Serving in the Armed Forces develops many skills and characteristics that transfer well to the civilian workplace, especially for those trained in a technical skill. My experience working on radios and radars as a surface Navy Electronics Technician helped to influence my decision of pursuing a career path of designing electronic hardware and systems. In my journey, there were a few lessons that I learned that may be helpful for other veterans to know when assessing a career path in engineering.
A lot of the electrical/electronics training that I received in the military established solid troubleshooting skills and general knowledge about electronics. While my experience as a technician built skills needed in engineering, I also needed education and experience to be prepared for the civilian world of engineering.
Education – ABET accreditation is key
My first attempt at education was to attend an online school that accepted a lot of my Navy training as course credit. This made sense to me since I was planning to transition out of the Navy, and new that I needed a degree to be competitive in the workforce. I completed this degree in Electrical Engineering Technology (non-ABET accredited), but was not able to find an engineering job that would scratch the design itch that I had. At the time, I didn’t understand that most engineering companies require new hires to have an ABET accredited degree, so all of the engineering jobs that I applied for at Defense and Hi-Tech companies did not respond to my job applications since my experience was applicable to technician work.
My second attempt at education was after I had become a civilian, and decided to go to school full-time for a B.S. in Electrical Engineering (BSEE) at an ABET accredited university. I won’t go into how hard of a decision this is for a lot of people due to life circumstances, but this was the critical piece of the puzzle for getting my “foot in the door”.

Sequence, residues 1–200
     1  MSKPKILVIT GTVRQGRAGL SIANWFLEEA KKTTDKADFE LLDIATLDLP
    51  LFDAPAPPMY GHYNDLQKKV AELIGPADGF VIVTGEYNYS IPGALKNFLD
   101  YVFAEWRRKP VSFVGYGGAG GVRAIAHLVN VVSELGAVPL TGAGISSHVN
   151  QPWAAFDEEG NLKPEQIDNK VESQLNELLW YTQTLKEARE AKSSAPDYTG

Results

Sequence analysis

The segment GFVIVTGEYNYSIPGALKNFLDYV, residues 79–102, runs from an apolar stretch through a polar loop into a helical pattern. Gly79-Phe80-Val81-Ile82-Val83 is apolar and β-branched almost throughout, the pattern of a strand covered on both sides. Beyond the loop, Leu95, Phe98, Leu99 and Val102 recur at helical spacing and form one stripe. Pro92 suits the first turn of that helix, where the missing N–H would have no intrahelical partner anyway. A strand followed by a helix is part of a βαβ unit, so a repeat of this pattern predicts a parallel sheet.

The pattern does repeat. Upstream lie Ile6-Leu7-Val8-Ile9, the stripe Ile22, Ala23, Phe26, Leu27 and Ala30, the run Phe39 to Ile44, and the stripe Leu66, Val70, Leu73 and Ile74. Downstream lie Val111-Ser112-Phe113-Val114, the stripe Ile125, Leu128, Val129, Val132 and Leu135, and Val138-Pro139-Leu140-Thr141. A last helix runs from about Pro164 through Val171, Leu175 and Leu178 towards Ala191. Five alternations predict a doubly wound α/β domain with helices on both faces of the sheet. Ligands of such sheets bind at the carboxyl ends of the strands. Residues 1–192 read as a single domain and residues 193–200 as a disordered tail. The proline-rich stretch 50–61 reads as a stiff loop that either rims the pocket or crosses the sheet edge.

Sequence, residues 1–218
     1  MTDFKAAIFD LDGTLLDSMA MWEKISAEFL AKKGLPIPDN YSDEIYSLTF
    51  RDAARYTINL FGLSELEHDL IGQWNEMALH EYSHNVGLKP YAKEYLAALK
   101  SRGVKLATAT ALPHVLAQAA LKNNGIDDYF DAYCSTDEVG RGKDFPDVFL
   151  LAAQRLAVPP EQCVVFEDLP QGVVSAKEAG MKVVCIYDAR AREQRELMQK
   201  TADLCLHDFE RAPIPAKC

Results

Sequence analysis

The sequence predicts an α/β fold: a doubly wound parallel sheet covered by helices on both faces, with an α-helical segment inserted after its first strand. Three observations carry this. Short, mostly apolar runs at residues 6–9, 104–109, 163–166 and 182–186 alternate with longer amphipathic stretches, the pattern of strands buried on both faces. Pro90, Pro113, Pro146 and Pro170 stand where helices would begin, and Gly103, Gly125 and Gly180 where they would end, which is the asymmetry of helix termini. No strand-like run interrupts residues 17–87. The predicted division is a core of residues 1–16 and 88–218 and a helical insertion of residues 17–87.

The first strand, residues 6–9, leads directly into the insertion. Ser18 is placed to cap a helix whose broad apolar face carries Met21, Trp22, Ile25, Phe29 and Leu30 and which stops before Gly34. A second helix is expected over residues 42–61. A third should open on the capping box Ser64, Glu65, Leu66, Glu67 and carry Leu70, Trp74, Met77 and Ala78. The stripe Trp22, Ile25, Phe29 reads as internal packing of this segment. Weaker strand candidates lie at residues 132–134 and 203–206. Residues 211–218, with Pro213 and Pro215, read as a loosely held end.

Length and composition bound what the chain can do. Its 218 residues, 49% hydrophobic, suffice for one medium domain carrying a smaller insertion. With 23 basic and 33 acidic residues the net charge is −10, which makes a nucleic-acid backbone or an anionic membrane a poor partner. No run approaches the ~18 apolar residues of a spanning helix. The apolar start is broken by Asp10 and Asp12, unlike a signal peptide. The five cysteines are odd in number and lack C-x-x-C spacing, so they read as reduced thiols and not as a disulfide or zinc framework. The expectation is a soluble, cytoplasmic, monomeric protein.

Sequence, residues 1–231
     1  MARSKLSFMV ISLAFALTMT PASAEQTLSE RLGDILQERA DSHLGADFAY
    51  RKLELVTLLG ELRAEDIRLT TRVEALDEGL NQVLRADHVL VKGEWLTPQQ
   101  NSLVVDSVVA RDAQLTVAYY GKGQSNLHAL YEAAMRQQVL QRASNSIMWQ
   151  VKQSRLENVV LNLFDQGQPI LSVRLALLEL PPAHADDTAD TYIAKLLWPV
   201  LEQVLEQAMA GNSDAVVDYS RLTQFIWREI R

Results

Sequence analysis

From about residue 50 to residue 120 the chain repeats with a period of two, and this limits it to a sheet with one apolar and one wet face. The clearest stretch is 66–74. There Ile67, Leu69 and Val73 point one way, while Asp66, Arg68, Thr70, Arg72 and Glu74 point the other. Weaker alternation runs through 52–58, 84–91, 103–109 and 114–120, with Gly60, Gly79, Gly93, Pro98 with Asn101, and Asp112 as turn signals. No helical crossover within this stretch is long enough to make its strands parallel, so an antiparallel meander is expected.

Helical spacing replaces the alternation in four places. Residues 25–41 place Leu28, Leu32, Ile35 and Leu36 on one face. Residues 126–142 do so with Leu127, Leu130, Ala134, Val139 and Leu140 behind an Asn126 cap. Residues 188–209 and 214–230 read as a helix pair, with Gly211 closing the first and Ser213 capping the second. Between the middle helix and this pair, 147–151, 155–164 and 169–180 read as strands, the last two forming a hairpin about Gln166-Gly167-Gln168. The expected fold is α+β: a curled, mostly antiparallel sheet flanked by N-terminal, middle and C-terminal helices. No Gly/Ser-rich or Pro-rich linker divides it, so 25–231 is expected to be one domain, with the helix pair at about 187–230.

Work Experience – Internships are critical
After my Junior Year of my BSEE, I was able to get an internship at Texas Instruments in controls engineering for one of their semiconductor fabrication plants. I found that, applying for the internship, then following up with HR representatives on LinkedIn, was the most effective way to get an interview. I have found that most people are willing to help, so all you have to do is ask! The internship, while I am extremely grateful for the experience, was not the exact role I was looking for, but it opened the door for the job I really wanted at Texas Instruments (Applications Engineering).
Putting it all together
If you are a veteran who has a passion for engineering, start thinking about what specific industry you want to work in. This will help you understand what companies offer compelling work, and will also help inform your ideal geographical location. For instance, if you want to work for a Hi-Tech startup, you may consider the California Bay Area, or, if you want to work in Oil & Gas, you may consider Texas. I would highly recommend that you plan to attend a brick-and-mortar ABET accredited university (use that GI Bill!) since these schools tend to have good connections with popular companies in the area. Once you are a college student located in a specific geographical area that has the industry you are interested in, use your universities career resources, and your own ingenuity, and apply for internships!
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